5 California residents charged in alleged conspiracy involving 1000’s of counterfeit iPhones and other Apple devices

Five people have been charged in reference to an operation through which greater than 16,000 counterfeit Apple devices were returned in exchange for real products after which resold over a period of greater than nine years, the U.S. Department of Justice announced in a press release on Friday, May 31.

From December 2015 through March 2024, Yang Song, 40, of Corona, and Junwei Jiang, 37, of Los Angeles, allegedly obtained counterfeit Apple iPhones, iPads, and other devices from China. Along with co-conspirators Zhengxuan Hu, 26, of Alhambra, Yushan Lin, 30, of Corona, and Shuyi Xing, 34, of Corona, the defendants allegedly returned devices to Apple as in the event that they were real, legitimately purchased, and eligible for Apple's warranty programs.

Friday's statement said the suspects returned and attempted to return greater than 16,000 counterfeit Apple devices, causing no less than $12.3 million in damages to Apple.

The devices shipped from China were designed to appear to be real Apple devices. The real identification and serial numbers on the counterfeit devices mimicked authentic products purchased under Apple's manufacturer's warranty and prolonged warranty program and owned by real people throughout the United States, in response to the Justice Department.

The suspects claimed the products were broken or nonfunctional and were covered by the corporate's warranty programs. Some of the false reasons given to Apple Store employees included that the device wouldn’t activate, that it was physically damaged or that it had other defects, the affidavit states, in response to prosecutors.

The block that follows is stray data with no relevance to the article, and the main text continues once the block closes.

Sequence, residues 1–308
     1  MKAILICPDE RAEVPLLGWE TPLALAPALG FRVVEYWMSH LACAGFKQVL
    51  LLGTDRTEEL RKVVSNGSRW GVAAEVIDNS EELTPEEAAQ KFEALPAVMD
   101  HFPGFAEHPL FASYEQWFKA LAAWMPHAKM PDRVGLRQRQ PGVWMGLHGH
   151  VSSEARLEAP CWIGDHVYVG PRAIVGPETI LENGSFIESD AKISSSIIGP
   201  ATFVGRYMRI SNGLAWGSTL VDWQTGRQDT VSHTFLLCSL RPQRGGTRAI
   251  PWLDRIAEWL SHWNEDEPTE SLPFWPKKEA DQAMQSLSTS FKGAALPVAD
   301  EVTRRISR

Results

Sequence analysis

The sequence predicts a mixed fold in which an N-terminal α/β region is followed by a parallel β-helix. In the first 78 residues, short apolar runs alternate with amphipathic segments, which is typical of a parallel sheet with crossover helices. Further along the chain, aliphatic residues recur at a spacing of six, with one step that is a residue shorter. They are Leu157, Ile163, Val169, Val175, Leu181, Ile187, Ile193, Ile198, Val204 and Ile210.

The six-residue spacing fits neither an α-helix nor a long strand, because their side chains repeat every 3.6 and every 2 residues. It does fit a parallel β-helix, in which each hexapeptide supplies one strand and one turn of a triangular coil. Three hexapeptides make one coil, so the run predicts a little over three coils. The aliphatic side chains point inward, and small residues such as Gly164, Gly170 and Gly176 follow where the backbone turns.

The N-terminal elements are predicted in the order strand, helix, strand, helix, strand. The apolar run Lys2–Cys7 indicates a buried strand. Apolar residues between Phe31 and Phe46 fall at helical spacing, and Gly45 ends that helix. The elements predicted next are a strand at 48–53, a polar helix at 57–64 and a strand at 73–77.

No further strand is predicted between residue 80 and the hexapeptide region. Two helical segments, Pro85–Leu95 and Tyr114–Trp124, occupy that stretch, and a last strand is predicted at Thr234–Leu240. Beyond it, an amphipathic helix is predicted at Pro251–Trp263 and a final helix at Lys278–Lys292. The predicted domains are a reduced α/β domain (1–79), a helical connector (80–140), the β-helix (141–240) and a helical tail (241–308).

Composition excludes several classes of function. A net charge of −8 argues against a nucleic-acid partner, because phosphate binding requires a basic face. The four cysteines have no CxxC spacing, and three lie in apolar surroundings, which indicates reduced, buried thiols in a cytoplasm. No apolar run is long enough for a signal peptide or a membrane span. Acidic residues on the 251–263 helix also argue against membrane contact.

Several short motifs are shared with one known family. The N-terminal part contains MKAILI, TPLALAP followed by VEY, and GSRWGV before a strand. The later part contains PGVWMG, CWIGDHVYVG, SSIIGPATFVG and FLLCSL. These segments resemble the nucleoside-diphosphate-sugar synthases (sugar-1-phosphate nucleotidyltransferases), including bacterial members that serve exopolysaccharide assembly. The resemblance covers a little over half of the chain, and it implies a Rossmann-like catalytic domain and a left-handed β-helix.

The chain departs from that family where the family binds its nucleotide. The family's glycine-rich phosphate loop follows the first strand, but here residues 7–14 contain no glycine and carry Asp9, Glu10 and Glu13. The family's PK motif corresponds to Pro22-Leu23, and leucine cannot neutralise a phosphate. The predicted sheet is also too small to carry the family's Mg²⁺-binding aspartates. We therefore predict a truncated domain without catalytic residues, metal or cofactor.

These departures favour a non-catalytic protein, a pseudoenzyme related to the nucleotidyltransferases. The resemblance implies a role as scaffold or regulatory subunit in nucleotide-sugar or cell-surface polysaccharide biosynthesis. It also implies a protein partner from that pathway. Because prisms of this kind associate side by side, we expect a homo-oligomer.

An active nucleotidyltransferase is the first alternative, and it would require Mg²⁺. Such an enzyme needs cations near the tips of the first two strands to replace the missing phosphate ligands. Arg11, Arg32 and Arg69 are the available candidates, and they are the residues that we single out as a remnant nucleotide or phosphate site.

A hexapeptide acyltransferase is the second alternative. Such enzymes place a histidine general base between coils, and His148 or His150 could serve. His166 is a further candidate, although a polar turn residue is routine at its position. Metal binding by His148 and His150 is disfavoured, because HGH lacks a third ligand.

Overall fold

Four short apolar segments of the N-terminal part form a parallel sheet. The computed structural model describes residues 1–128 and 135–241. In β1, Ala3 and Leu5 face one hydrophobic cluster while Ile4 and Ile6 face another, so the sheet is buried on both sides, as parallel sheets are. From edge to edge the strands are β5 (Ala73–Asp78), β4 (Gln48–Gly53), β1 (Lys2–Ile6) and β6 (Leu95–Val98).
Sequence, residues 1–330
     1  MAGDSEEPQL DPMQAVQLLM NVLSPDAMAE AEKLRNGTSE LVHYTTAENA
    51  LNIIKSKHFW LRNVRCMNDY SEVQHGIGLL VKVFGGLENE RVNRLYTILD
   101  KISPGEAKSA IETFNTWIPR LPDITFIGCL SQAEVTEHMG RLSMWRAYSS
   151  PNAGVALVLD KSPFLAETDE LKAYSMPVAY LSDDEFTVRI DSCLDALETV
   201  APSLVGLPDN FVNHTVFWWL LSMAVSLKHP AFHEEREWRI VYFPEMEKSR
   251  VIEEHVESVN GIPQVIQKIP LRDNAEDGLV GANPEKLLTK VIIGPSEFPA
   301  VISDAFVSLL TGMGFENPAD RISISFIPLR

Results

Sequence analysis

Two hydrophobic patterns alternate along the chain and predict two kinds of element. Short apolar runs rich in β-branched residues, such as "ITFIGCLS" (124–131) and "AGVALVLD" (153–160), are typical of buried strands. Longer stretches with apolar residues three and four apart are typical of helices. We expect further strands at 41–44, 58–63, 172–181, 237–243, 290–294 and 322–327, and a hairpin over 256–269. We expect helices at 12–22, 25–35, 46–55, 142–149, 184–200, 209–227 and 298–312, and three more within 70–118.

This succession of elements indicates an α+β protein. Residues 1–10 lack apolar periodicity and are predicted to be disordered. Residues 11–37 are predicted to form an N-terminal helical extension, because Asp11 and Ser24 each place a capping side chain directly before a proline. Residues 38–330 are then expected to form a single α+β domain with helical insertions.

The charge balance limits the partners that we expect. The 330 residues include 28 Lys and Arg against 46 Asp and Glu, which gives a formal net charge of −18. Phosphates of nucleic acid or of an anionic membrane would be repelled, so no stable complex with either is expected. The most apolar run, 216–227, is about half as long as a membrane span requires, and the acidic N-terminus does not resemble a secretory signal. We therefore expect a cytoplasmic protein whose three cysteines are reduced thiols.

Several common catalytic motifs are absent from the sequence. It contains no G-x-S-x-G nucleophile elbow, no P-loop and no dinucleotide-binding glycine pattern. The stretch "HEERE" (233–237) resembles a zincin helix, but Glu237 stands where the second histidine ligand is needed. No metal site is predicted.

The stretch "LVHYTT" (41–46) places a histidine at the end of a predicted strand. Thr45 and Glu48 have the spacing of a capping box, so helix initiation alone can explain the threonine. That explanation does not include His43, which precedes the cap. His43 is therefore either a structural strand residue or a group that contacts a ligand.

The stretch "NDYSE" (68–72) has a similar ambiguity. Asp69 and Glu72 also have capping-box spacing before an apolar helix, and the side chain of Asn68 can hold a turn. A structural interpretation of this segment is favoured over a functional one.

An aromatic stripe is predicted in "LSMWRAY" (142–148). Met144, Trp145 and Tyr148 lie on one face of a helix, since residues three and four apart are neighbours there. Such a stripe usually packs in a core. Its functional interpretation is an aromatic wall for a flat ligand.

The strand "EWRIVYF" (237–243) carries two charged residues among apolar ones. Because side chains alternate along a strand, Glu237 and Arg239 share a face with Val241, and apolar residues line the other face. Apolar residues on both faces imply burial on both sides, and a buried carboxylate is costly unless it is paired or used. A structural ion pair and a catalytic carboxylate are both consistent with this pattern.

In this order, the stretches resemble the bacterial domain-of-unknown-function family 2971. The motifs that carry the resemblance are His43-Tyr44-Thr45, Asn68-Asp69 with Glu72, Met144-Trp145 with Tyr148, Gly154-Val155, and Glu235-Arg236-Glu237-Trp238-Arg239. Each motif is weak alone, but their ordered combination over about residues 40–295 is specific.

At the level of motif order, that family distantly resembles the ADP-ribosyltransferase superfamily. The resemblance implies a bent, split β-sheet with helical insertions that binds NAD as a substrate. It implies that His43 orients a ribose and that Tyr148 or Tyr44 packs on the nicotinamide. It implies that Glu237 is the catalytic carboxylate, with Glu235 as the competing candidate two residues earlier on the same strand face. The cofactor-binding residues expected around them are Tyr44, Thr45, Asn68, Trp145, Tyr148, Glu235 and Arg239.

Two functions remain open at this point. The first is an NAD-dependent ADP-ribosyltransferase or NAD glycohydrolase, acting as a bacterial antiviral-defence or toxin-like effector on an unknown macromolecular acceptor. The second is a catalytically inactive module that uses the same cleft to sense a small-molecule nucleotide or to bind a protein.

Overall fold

The defendants visited multiple Apple Stores throughout Southern California each day, including as much as ten Apple Stores in Pasadena, Irvine, Brea and Rancho Cucamonga, where they allegedly returned the devices.

Apple allegedly sent the defendants a real substitute or repaired Apple device either to an Apple Store, where they picked up the brand new device, or to the handfuls of drop boxes they allegedly rented throughout Southern California.

In addition, they misspelled the mailing address during returns to hide the many fraudulent returns and used pseudonyms to make appointments at Apple Stores.

After the defendants received the unique devices, they allegedly shipped them to co-conspirators within the United States and abroad, primarily in China, where they resold them for a profit.

“All defendants are charged with conspiracy to commit wire and mail fraud, one count of aggravated identity theft, seven counts of wire fraud, 12 counts of mail fraud, and conspiracy to traffic in counterfeit goods,” the Justice Department statement said.

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